Linux distros

This is not a rant about favorite linux distros. Go here if you were looking for that :-)

No, I just read this article by Ian Murdock. Interesting perspective, especially this:

The Linux distribution industry needs to start looking at Linux in a new and different way–as a platform to be shared rather than as a product to be owned.

Would be nice indeed.

2 thoughts on “Linux distros

  1. amusing tidbit: the advertisement on that page is for the MSN toolbar for IE.

    the problem with his thinking is that “normal” business isn’t done that way. you have a product, the consumer wants to buy your product, so you sell it. already, the commercial distros are a bit off the beaten path with their “subscription services” and “support contracts” – but at least there are strong precedents for these types of things.

    personally, i think a lot of that article is more about a way of thinking than a way of doing business. the main gripe he seems to have (mentioned rather briefly despite its importance) is that distro vendors sell a “one-size-fits-all” product that isn’t really tailored to each individual customer’s needs.

    now, this isn’t necessarily a bad thing. in a lot of cases, the customers’ needs will be relatively homogeneous. on the business end of things, supporting a common configuration is orders of magnitude simpler than troubleshooting one of thousands of custom setups.

    on the flip side, i think there is a market for selling and supporting a custom distro. but we’re still essentially talking about something that boils down to a product. a customised product, but a product nonetheless.

    on a somewhat-related note… this article almost falls afoul of one of my major pet-peeves. as you quoted: “The Linux distribution industry needs…”. take out “distribution industry”, and you automatically lose any credibility with me. “linux” doesn’t need anything. it’s a kernel, or, if you want to mess with semantics, it’s an OS platform. it doesn’t need a damned thing. similarly, i don’t think the linux community needs all that much either. for me, i’m perfectly happy editing config files and writing and running scripts. and if joe-average user doesn’t want to run linux because it’s not user-friendly enough, frankly, i don’t really care.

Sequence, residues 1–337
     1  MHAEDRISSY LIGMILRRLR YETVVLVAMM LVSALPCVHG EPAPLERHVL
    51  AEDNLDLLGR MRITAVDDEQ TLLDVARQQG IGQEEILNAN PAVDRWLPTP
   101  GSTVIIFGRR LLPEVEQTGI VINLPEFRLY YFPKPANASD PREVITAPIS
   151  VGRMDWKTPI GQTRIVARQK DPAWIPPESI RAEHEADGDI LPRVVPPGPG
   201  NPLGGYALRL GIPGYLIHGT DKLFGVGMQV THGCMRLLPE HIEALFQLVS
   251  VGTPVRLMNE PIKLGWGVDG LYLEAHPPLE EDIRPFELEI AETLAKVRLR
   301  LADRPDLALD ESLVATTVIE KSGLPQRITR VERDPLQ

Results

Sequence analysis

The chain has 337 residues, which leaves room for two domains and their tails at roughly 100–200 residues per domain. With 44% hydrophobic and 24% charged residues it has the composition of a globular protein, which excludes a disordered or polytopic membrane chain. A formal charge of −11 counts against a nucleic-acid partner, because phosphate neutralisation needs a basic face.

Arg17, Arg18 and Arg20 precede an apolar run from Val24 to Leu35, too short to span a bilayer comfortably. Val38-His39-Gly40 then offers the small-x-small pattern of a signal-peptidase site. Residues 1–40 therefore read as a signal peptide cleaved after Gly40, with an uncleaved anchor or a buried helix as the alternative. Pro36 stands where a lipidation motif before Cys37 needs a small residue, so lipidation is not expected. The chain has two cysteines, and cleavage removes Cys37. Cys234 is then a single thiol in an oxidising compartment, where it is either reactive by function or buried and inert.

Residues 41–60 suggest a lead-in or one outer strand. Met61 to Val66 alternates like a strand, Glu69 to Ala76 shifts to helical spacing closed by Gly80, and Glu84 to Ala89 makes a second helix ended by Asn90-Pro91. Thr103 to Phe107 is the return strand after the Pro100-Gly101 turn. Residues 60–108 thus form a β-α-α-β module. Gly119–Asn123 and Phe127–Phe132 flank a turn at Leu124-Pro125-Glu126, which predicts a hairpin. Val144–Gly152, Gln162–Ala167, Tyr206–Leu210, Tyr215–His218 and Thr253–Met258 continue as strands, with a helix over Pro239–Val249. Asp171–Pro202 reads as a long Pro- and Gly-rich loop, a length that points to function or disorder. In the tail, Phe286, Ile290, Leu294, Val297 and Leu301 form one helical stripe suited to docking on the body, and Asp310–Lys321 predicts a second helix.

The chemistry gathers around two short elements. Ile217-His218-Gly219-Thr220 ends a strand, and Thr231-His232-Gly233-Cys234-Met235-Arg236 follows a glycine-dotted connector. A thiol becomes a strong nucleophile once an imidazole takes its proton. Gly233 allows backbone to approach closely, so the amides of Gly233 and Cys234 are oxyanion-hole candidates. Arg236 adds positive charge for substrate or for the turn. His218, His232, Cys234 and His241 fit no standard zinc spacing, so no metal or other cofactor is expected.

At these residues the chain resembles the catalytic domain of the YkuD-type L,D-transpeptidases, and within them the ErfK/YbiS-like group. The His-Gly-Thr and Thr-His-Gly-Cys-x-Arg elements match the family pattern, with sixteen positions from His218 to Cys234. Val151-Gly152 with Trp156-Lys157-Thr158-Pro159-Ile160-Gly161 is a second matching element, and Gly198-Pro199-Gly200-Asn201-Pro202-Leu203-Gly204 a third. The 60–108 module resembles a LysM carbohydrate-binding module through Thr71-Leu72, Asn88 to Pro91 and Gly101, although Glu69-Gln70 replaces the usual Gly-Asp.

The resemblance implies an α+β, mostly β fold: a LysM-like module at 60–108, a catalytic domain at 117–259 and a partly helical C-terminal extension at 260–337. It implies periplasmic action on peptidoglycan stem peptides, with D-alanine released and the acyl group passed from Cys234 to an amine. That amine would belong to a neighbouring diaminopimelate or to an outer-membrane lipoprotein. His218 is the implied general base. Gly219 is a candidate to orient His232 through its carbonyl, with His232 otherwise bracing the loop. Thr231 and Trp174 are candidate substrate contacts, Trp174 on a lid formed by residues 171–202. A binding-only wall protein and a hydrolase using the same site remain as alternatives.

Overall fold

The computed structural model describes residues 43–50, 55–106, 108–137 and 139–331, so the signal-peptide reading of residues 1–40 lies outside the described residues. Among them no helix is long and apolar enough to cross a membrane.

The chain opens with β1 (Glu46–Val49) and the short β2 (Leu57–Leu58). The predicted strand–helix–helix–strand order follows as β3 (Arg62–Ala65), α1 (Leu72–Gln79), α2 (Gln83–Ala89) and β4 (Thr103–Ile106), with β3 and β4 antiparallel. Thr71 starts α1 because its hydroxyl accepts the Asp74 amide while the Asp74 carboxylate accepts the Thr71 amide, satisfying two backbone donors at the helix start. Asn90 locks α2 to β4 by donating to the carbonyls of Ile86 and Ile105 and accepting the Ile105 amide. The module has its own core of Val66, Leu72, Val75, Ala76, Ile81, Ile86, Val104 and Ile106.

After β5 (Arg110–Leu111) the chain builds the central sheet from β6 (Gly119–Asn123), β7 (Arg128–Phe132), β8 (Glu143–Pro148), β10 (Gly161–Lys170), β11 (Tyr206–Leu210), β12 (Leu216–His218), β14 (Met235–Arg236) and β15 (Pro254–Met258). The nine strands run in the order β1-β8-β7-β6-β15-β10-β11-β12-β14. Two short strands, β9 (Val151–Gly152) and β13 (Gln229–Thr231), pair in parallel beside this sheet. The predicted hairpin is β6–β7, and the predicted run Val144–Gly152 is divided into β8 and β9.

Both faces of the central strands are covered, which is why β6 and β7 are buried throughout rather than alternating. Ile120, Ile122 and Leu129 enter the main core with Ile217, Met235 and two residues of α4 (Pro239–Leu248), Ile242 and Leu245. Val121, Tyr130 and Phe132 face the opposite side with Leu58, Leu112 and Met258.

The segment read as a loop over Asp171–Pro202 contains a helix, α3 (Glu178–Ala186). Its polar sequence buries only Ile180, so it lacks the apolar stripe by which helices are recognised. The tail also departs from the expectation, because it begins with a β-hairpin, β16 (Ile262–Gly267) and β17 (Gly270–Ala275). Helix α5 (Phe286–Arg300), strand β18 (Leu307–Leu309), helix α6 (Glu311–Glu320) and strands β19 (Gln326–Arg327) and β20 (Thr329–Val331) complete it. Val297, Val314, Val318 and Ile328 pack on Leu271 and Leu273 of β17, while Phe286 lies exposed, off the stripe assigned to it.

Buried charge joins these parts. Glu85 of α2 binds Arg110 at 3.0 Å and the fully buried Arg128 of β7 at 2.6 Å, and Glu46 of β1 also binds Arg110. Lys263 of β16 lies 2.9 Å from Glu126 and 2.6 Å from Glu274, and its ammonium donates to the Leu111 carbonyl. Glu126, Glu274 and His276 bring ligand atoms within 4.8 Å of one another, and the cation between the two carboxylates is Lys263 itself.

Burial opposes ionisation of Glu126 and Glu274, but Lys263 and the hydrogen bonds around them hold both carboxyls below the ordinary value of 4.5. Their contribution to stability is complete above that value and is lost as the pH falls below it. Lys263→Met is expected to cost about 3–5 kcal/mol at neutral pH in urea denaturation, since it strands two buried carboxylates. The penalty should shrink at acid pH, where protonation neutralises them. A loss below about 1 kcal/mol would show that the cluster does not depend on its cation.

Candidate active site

having said that, i think it’s important for society that linux gains wider acceptance. i don’t trust microsoft one bit, and i really see free alternatives like linux and the BSDs as the only things that have a chance in hell of forcing back the tide of restrictions and vendor lock-in that microsoft will be all too happy to impose if given the chance. if all this means that linux has to become more user-friendly, so be it.

    ok, so this comment/reply has turned into a bit of a rant, so i think i’ll stop ^_~.

  2. I believe that many of the developments we see now towards more user-friendly desktop usage, things like hotplug, udev, hal, etc, would have started much earlier if the distribution vendors had not felt the need to differentiate on the basis of system configuration tools.

    System integration needs to start from a common base, hence the development of D-BUS as common event system, without ties to specific vendors or desktops or toolkits.

    Also, I think Ian Murdock should know quite well the difference between linux, the kernel, and a linux distribution ;-) And although his own objective is to push his progeny modular linux distro a bit by talking about the one-size-fits-all mentality, I don’t agree that is the most important observation.

    The call for a business model that is based on linux as a shared platform rather than a unique product is much more interesting. I don’t know if it is possible and I don’t think any distro vendor has found a way yet, neither has Murdock himself.

    Hey, you’re not the only one who can rant, you know ;-)

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